All 10 patients have had a chronic relapsing course, with significant intestinal and extraintestinal morbidity. At mean follow-up of 4 years (range 2-7 years), 7 of 10 patients are currently in remission (Table 1; cases 1, 2, 4, 6, 8, 9 and 10), although case 10 required renal transplantation. Three of 10 patients have ongoing chronic symptomatic intestinal inflammation, with abdominal pain and intermittent bloody diarrhoea (cases 3, 5 and 7). Only 2 patients are off all therapy (cases 2 and 9).
A proportion of patients who present with IBD have on histology an indeterminate intestinal inflammation. In some, it will ultimately become clear that they have UC or CD. In others, the inflammatory changes may be due to another inflammatory disorder such as that associated with an immunodeficiency or a primary systemic vasculitis. As their clinical course, treatment and outcome may all be quite different, differentiation of the nature of the underlying inflammatory process is important. In particular, the course of the colitis of a primary vasculitis may be severe and often fatal (46,47). We describe a series of children who had chronic intestinal mucosal inflammation and systemic vasculitis in whom there was a degree of uncertainty as to whether the underlying diagnosis was that of a primary systemic vasculitis or a systemic vasculitis complicating a primary IBD such as UC or CD. In 8 cases, the disease was life threatening and did not respond to conventional immunosuppression for CD (Table 2), whereas cyclophosphamide induced long-term remission. The presence of vasculitis was defined in all patients on the basis of tissue biopsy and/or selective visceral angiography and in the presence of clinical features of vasculitis with no other cause. It is of interest that in 5 patients, macroscopic mucosal changes including small vessel abnormalities were seen at colonoscopy. Vasculitis was later confirmed at mesenteric angiography.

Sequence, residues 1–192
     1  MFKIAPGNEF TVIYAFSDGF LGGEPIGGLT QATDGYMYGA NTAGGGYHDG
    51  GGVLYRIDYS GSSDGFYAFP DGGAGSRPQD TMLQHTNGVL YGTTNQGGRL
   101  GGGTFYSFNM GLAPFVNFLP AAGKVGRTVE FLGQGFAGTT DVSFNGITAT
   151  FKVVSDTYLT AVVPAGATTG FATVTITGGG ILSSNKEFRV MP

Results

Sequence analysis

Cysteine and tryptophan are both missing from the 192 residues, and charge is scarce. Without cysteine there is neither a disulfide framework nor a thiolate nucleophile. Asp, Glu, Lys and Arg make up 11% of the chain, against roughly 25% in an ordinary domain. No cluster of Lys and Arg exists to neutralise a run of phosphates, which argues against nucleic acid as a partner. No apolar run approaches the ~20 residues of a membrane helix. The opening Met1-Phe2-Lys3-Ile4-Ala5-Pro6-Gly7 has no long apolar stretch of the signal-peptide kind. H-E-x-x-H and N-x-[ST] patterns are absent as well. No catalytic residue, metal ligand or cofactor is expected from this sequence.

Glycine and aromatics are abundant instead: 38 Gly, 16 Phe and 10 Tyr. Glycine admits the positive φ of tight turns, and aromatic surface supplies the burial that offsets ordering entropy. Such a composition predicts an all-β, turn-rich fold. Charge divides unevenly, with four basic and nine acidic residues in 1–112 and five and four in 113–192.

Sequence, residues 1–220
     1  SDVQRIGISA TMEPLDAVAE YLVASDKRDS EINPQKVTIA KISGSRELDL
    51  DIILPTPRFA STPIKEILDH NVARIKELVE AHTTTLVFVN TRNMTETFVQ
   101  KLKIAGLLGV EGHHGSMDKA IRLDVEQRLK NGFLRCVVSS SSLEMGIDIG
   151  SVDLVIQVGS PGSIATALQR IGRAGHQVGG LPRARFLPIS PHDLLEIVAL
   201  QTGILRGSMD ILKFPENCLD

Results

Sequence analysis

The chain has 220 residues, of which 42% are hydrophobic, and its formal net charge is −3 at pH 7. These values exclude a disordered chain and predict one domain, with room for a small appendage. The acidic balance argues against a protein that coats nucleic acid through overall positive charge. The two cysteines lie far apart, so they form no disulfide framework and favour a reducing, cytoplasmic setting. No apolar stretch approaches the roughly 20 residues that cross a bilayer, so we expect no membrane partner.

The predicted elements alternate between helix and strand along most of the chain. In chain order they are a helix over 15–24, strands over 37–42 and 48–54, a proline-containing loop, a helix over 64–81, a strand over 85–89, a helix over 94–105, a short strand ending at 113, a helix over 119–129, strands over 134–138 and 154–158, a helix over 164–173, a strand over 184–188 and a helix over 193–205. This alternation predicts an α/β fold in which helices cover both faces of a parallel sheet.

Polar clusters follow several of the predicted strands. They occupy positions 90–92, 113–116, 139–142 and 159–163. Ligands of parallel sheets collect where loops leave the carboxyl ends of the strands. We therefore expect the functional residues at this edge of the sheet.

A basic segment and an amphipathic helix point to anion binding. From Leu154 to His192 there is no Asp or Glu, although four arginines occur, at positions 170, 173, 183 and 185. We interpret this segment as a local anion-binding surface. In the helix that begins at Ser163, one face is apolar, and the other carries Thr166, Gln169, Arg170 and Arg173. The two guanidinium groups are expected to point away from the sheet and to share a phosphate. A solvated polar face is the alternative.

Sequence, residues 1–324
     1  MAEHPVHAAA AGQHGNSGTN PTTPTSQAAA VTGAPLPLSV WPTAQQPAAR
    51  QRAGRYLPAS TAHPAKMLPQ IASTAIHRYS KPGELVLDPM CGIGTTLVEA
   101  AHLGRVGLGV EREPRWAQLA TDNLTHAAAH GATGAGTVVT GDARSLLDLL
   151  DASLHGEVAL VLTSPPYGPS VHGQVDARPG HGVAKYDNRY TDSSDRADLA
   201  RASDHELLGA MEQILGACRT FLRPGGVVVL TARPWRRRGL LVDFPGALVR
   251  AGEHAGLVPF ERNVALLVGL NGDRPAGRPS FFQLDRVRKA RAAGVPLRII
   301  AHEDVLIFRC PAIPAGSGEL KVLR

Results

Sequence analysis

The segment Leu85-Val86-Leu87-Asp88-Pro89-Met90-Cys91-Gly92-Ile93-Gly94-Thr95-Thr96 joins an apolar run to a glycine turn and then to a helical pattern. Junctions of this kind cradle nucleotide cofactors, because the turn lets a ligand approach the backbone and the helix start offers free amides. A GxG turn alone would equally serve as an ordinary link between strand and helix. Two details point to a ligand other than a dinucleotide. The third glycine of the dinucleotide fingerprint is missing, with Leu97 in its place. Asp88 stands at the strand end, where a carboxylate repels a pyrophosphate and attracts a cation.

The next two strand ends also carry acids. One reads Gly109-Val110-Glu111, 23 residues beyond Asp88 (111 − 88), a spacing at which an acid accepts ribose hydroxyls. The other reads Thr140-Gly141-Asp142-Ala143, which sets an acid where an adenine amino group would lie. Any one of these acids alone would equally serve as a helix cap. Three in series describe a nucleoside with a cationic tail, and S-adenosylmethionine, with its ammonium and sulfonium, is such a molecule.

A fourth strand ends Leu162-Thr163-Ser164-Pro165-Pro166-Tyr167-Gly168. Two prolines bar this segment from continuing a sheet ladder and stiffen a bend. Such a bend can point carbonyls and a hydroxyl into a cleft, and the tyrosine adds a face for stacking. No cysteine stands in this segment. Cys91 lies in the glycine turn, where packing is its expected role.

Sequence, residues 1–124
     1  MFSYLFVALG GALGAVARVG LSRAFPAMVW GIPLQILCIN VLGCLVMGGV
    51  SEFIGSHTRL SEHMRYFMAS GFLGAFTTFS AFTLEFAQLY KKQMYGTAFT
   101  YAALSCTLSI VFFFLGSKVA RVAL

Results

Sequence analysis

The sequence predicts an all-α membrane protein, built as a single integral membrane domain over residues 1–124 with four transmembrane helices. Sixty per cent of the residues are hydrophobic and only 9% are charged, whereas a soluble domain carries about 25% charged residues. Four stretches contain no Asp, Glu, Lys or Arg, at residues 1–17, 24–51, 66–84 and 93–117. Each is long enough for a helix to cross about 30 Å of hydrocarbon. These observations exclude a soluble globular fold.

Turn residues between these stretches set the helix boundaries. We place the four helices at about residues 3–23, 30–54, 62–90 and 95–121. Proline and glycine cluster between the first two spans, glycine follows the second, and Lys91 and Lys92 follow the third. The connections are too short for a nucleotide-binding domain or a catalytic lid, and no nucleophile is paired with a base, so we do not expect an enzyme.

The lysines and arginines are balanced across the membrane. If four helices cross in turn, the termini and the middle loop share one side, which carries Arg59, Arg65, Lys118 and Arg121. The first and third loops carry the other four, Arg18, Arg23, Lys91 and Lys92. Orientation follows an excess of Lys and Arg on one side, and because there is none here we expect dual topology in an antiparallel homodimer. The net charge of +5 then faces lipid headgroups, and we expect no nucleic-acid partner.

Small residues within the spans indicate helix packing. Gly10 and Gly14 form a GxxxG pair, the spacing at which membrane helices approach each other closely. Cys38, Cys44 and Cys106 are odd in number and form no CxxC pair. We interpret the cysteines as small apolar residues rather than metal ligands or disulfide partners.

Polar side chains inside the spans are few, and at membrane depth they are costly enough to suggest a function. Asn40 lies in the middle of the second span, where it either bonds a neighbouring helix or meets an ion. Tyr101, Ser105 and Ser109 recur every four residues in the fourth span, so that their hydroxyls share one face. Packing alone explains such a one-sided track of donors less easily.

Although the patients satisfied the classification criteria for polyarteritis nodosa (56,59) (cases 1-9) or microscopic polyangiitis (case 10), it must be emphasized that such classification criteria are of limited specificity in adults (56,60) and have never been formally validated in children (61). The classification of the childhood vasculitides remains controversial, and no single system has yet proven to be entirely satisfactory (61). In fact, there has been a recent consensus meeting relating to the classification of paediatric vasculitis, which will be published in the near future (Dillon, personal communication, 2005). It is important to emphasize, however, that classification criteria are not the same as diagnostic criteria, although the former are often confused and misused as the latter (60). Classification criteria work best in the study of groups of patients and work less well in the diagnostic evaluation of individual patients. As an example, the American College of Rheumatology criteria for PAN were designed to differentiate PAN from other types of vasculitis but not to diagnose vasculitis in the first instance (60). In this article, we diagnosed systemic vasculitis on the basis of histology and/or arteriography and in the absence of other identifiable causes such as infection or malignancy. Following diagnosis, classification criteria as defined by the American College of Rheumatology (56) were then applied to define the vasculitis type that, on the whole, was polyarteritis nodosa in this series, although case 10 was best classified as microscopic polyangiitis as defined by the Chapel Hill Consensus criteria (59).